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Sustainable Connectivity EP event

On Tuesday 12 November, ERA co-hosted the Sustainable Connectivity session with MEPs Andor Deli of the TRAN Committee and Edina Tóth of the ENVI Committee, at the European Parliament. The session represented an opportunity to promote and confirm the industry’s continued commitment to sustainable air connectivity.

With climate change and global warming headlining the world’s media and political agendas, and an outcry of public opinion and support for change, the air transport sector needs to promote its current and future initiatives to continuously mitigate and reduce its contribution to CO2 emissions. Aviation currently accounts for 2 per cent of carbon emissions worldwide whilst contributing more than 4 per cent of global GDP. The industry has improved its fuel efficiency by 52 per cent and aircraft have become 75 per cent less noisy over the past 30 years. However the decarbonisation of other industries, together with the growth projections for aviation puts additional social pressure on the industry to meet our global environment responsibilities.

The ERA Sustainable Connectivity session provided a platform for European airlines – including Braathens Regional Airlines, Widerøe and Binter together with manufacturer ATR – to promote the work and initiatives being carried out to reduce their environmental footprint. Topics included biofuels, decarbonisation and pioneering electric flight.

Additionally, speakers from the wider aviation industry included: Andrew Kelly, ERA President; Andrew Watt, Head of Environment, Eurocontrol; Kai Bauer, Principal Advisor Environment & Sustainability, EASA; and Marian-Jean Marinescu, MEP, TRAN Committee.

The event was kicked off by Andor Deli and Edina Tóth, who outlined the benefits of air connectivity and its environmental impacts. Aviation is a necessary enabler of connecting people with their families and cultures around Europe, allowing passengers to reach even the most distant and remote regions of the Europe, thus contributing to regional cohesion. It supports, additionally, Europe’s local economies by driving investment and growth in the communities. However, the sector needs to decarbonise in order to continue benefitting European communities.

Four of ERA’s members, Braathens Regional Airlines, Widerøe and Binter together with manufacturer ATR, had the opportunity to promote their work and initiatives that they are currently carrying out to reduce their environmental footprint and make sustainable connectivity a reality.

Braathens, in partnership with ATR carried out the Perfect Flight back in May 2019, the most climate efficient flight landed at Bromma Stockholm Airport. By flying on ATR’s efficient turboprop plane ATR 72-600, using 50 per cent sustainable aviation fuel in the tank and by optimising flight altitude, using a slower approach and flying the straightest flight path, Braathens was able to recue CO2 emissions of the flight by 49 per cent compared to the same flight.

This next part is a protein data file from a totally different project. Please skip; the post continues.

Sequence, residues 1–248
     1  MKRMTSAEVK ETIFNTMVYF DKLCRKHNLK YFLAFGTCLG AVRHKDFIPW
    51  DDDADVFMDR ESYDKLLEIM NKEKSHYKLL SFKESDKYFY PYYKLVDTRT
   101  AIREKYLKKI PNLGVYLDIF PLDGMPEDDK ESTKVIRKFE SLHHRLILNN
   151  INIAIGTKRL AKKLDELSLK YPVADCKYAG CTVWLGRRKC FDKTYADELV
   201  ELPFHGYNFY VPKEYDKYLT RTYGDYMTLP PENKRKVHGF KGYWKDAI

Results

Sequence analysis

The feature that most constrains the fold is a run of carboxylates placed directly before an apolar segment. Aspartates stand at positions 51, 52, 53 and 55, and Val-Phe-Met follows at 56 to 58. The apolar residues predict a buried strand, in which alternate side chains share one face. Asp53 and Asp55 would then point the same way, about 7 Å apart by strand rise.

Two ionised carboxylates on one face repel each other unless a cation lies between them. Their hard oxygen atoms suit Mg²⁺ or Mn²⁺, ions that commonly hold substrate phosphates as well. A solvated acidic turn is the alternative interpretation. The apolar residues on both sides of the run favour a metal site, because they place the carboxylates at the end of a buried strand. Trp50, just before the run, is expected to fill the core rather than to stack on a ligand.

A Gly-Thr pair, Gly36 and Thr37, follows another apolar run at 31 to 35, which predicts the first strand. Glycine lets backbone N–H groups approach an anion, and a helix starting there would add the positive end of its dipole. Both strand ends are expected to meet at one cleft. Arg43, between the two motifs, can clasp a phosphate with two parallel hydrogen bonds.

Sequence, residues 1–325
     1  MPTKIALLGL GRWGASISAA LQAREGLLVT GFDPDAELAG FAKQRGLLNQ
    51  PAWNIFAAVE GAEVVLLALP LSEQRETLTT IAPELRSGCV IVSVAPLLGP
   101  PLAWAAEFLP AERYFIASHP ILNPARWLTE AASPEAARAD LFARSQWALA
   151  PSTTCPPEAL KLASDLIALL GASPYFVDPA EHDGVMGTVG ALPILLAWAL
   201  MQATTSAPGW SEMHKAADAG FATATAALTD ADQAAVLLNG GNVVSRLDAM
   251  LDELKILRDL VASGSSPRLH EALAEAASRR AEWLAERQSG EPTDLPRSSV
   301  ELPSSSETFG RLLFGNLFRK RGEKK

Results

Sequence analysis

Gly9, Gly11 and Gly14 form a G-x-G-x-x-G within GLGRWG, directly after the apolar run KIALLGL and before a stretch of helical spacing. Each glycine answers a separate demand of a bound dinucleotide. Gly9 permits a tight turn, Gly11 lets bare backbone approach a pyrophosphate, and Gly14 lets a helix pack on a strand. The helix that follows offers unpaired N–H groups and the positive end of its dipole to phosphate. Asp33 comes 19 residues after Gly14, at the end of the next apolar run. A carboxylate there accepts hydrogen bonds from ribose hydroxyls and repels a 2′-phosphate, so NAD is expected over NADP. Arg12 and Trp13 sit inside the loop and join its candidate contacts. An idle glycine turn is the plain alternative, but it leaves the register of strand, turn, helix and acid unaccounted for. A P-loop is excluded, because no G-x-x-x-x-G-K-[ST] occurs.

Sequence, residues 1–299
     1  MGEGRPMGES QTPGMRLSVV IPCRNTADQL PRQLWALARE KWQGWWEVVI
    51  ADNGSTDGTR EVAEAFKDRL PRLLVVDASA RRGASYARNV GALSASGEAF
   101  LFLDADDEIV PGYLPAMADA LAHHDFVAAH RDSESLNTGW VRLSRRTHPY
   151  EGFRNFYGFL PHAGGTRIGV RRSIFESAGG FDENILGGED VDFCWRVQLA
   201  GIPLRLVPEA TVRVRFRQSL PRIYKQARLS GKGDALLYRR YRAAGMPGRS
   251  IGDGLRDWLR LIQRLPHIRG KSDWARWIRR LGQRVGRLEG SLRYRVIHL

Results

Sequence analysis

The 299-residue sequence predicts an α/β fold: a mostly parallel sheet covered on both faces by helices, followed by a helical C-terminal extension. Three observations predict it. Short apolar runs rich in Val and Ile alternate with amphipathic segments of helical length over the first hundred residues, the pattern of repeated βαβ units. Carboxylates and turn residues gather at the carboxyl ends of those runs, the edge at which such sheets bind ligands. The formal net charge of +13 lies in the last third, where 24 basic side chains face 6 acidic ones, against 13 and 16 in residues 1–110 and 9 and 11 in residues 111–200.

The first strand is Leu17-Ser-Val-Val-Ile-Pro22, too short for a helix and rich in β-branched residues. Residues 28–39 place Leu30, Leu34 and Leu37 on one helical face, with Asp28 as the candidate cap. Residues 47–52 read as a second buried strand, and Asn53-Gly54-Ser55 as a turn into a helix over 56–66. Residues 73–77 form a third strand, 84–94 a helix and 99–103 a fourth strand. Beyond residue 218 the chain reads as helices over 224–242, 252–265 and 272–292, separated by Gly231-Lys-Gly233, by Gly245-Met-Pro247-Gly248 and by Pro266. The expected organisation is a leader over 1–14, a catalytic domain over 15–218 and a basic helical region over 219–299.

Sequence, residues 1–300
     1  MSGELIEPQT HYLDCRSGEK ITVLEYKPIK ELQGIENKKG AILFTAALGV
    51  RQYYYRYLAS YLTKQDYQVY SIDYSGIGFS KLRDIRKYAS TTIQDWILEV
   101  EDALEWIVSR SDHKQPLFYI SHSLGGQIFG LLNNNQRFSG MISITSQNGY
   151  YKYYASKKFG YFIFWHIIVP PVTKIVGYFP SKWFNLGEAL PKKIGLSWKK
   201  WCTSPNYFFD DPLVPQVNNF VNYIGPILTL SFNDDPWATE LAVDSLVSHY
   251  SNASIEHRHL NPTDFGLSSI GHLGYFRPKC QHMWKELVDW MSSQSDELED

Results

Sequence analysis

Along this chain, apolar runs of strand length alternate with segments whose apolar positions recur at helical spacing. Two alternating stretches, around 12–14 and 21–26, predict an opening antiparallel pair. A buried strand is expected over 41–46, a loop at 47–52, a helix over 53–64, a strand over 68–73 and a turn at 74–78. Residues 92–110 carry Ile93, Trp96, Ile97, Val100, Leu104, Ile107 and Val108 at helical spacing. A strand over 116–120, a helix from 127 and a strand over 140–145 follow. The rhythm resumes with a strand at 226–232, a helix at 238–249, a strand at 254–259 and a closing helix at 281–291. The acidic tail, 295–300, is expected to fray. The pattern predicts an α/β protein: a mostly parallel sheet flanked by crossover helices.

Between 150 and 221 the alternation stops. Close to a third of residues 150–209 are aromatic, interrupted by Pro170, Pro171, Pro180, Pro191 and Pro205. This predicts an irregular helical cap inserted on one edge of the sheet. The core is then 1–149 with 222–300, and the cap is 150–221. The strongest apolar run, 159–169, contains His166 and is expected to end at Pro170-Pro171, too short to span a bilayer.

Wideroe is partnering up with Rolls-Royce in order to find a business model that ensures zero-emission flying while maintaining sufficient market size and the solution might arrive as soon as the 2020s with all electric aircraft available for small regional flights and hybrid-electric aircraft for larger regional airlines. 

Binter emphasized its unique operations and the need to fly. While also operating efficient turboprops, has also undertaken weight reductions of the fleet and improved the operations of the flights by redesign the flight sheets and improving the descents to reduce flight durations. Additionally, they have introduced in their ground-handling operations a green fleet of electric vehicles and electric versions of thermal GPUs.

In addition to this, there are also new institutional activities to address the challenges aviation is facing in decarbonisation. To remove the market barriers that would allow the sector to decarbonise, EASA is realigning its activities based on new Regulation 1139/2018 and helping in guiding Horizon Europe and Clean Sky and developing an environmental label to increase the sector’s transparency. Whilst Eurocontrol is focussing on bringing ATM optimisation as they play a big role in operational improvements.

To conclude, there is a basket of measures to address aviation’s climate challenge. Whether it is ATM improvements, introduction of SAF, fleet renewal or regulatory measures, one solution is not enough. Rather the sector needs to approach all solutions in parallel and apply them where deemed best together with a strong support from governments in order to achieve the necessary sustainable connectivity.

Key takeaways:

  • Flying is not a simple binary choice to fly or not fly, it is about sustainable flying.
  • Short-haul flights are often the only way to ensure connectivity and social inclusion.
  • There is no single solution to make flying more sustainable - there are different solutions for different flight segments.
  • Need to adopt a global approach to tackle CO² emissions and develop public-private partnerships.
  • Phase-in transition: fleet replacement and use of biofuels in the short run, technical breakthroughs (i.e. electric aircraft) in the medium/long–term.
  • New energy propulsion (hybrid or electric) will come first through the regional segment.
  • Strengthened environment assessment in PSO routes allocation.
  • Turboprop technology to reconcile territorial cohesion with a lower carbon footprint.
  • The industry needs government support to achieve its sustainable goals by:
    • investing taxes on aviation in promoting more sustainable aviation; and
    • rewarding those who target zero emissions through incentives.